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by Genevieve

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Kath Houlston
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06 July 2005

My parents sent me to boarding school during the war - down on the South coast to Milford-on-Sea. It’s a very quiet village — there are only a couple of pubs and a fish and chip shop. But the smell of fish and chips spoiled the place. I came from Yorkshire originally. My Dad was a conscientious objector, but there was only the three of us in the family when he got his calling up papers. We were afraid he wouldn’t come back, you see, Mum and I. Because he was a tool-fitter, he got sent right down from Yorkshire to there. He worked at Wellworthy’s making piston rings and parts for planes. And he was at work there when this happened, and I was away at boarding school; well they told me about it after.

My Mum was at home and My Dad was on night work when he was brought down. This German pilot overshot his mark. We lived in a flat above a café. We’d got iron railings. He was shooting these bullets and it sounded just like a child going along the railings with a stick — you know. If it hadn’t been for those railings he would have been killed I suppose. My Mum was in bed at the time, I think she had the curtains drawn, but if it hadn’t been for those railings, she would have copped it just the same.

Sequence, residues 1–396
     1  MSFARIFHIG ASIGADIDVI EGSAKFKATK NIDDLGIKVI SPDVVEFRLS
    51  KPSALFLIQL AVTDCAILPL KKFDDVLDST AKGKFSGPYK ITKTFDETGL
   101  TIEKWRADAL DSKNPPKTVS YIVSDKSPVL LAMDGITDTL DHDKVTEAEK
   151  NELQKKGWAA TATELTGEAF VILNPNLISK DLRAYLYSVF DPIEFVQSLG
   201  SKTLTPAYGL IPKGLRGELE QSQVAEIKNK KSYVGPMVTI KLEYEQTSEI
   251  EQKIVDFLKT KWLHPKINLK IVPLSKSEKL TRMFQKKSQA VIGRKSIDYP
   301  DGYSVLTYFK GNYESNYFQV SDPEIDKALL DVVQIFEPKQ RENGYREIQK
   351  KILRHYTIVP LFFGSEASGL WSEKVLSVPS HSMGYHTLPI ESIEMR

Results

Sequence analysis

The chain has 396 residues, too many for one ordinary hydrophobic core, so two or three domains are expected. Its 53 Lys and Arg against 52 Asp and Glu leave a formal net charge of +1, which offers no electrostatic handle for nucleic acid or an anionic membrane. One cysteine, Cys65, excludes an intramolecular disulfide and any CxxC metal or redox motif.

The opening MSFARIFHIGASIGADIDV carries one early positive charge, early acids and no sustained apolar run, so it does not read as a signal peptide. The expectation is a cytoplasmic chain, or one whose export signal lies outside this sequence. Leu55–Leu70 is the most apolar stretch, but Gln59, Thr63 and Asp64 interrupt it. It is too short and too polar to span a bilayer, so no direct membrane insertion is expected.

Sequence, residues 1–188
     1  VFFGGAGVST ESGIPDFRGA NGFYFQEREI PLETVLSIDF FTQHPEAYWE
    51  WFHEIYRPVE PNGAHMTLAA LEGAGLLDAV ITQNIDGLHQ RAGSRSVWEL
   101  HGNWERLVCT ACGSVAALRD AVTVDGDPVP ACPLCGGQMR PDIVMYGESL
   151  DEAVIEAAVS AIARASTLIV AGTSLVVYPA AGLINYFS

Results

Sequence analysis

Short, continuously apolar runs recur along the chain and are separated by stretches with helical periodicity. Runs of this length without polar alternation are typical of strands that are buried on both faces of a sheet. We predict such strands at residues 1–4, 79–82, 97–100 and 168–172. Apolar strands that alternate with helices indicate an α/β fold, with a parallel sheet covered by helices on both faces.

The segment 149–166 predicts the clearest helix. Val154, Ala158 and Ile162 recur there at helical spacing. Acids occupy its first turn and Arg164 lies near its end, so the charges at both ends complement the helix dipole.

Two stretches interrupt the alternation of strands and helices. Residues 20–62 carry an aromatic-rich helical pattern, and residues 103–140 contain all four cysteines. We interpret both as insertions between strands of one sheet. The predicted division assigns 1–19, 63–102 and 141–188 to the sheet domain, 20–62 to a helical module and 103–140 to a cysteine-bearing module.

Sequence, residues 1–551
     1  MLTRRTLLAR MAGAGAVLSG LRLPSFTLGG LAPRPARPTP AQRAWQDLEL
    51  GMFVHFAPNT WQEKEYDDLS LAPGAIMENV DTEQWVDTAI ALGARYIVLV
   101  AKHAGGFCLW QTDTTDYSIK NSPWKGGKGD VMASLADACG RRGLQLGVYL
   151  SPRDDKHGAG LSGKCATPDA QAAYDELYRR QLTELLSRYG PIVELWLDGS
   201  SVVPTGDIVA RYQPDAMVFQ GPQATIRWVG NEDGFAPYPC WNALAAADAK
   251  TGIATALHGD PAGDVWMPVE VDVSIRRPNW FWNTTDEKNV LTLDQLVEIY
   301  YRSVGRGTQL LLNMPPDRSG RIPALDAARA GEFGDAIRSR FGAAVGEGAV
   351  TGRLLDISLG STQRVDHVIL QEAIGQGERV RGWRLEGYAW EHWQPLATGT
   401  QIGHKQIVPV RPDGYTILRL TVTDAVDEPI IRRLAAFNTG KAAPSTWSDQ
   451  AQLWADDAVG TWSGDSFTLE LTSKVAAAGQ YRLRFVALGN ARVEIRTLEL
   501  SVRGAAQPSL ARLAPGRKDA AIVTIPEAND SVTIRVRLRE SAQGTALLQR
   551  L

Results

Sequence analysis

And they dropped a landmine or whatever it was in like a muddy ditch. It took 6 men to get it out. They kept slipping back you know. They could only do it in certain conditions — they didn’t want light to shine on it or anything. And when they finally got it out and detonated it — they had a thanksgiving service on the village green — because if anything had happened and they hadn’t got it out safely then the village would have gone up.

This story was submitted to the People’s War site by Becky Barugh of the BBC Radio Shropshire CSV Action Desk on behalf of Kath Houlston and has been added to the site with her permission. The author fully understands the site's terms and conditions

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